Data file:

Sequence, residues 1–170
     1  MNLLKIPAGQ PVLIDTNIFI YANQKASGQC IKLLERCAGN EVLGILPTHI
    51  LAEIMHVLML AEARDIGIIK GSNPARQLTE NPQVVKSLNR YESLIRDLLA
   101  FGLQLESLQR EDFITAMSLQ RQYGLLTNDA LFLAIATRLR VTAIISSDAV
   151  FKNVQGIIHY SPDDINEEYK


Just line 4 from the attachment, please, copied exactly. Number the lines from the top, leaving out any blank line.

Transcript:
   101  FGLQLESLQR EDFITAMSLQ RQYGLLTNDA LFLAIATRLR VTAIISSDAV